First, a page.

Acts of Narrative Resistance:  Trauma, Survival and Therapy in Sharon Hendry’s Radhika’s Story: Surviving Human Trafficking

Ms. Indu V Nandakumar 
Dr. Lekshmi R Nair


Unwritten power structures and inequalities had had a propensity to be normalized in the name of race, culture, religion, patriarchy, value systems, economy, etc over the span of several centuries. Human Trafficking, one of the most rapidly growing criminal industries of the 21st century, takes the form of gender based violence when it targets women and girls for the purpose of sex trade. In addition to being a serious violation of human rights, the physical and psychological trauma associated with sex trafficking is devastating. This paper, titled “Acts of Narrative Resistance:  Trauma, Survival and Therapy in Sharon Hendry’s Radhika’s Story: Surviving Human Trafficking”, is a study of the grotesque, habitual and multiple traumas to which Radhika, a young Nepali ‘trafficked girl’ was subjected to. Sharon Hendry, the empathetic biographer bears witness to the testimonial of the survivor and represents the structuralised gender based violence that victimises women and reduces them to just a piece of flesh. As it deliberates on the potential of trauma narratives as an instrument for raising awareness about sex-trafficking, the paper also attempts an exploration of Radhika’s story as one of ultimate survival and resistance against oddities. The act of narrating traumatic lived experiences to an empathetic listener has therapeutic effects on the victim. Radhika’s testimony of her life is not simply a testament to a private life, but a point of conflation between text and life.

Keywords: Sex trafficking, gender based violence, trauma, resistance, survival, therapy.

“Sex trafficking ... should no more be seen as women’s issues than slavery was a black issue or the Holocaust was a Jewish issue. These are all humanitarian concerns, transcending any one race, gender, or creed.”: Nicholas D. Kristof and Sheryl WuDunn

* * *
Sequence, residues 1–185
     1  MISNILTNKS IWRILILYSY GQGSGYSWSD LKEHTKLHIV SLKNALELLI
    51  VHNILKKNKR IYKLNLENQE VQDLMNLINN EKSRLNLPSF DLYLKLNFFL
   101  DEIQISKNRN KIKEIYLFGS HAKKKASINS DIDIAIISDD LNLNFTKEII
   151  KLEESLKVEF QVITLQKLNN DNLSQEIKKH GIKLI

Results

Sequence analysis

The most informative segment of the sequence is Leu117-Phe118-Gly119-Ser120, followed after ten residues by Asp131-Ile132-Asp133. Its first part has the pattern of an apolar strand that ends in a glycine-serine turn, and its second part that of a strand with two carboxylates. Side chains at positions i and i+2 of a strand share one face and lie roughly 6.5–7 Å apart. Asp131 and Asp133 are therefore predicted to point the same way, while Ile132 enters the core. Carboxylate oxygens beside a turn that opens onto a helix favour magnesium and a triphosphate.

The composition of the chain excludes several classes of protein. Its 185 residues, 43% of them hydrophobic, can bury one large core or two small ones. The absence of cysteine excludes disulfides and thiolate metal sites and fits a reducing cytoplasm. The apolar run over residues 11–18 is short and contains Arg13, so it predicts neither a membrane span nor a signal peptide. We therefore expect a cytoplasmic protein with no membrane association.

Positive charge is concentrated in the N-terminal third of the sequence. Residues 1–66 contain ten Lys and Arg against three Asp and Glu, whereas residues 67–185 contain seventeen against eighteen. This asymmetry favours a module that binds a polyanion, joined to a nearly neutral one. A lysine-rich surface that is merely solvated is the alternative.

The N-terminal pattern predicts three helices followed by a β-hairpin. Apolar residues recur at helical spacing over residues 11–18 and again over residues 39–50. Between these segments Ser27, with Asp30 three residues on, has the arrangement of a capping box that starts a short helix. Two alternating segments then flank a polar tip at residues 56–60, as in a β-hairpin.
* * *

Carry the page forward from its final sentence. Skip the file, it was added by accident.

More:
Ever since the dawn of human civilization, unwritten power structures and inequalities had had a propensity to be normalised in the name of race, culture, religion, patriarchy, value systems, economy and so on. One such power system that engulfed humanity and extended its iron hand upon the victims depriving them of their basic human rights was slavery. The UN Convention defined slavery as “the status or condition of a person over whom any or all of the powers attaching to the right of ownership are exercised” (1). Kevin Bales, in his book, Understanding Slavery defined slavery as an institution in which “the individual is held against his or her will, through violence or threats of violence with little or no pay for the purpose of economic exploitation”(9). 

Slavery evolved as an institution in which the slave master’s exercise of the rights of ownership destroys the human personality, thwarts the notion of a person as a bearer of basic human rights and reduces him to a slave, a piece of flesh without rights. Ann Jordan in her article “Slavery, Forced Labour, Debt Bondage and Human Trafficking: From Conceptional Confusions to targeted Solutions” argues that slavery is a complete system of ownership. It is a social institution in which the community recognizes slaves as a separate category of beings without rights. The enslavers have complete control over all aspects of the life of the enslaved” (1-2). Being so, there is little in the life of a slave that is not traumatic: the loss of home, culture, kin, sense of self, destruction of families, and physical, psychological and sexual abuse. The worst of it was subjugation as it sought nothing less than the annihilation of what is uniquely human— the Self.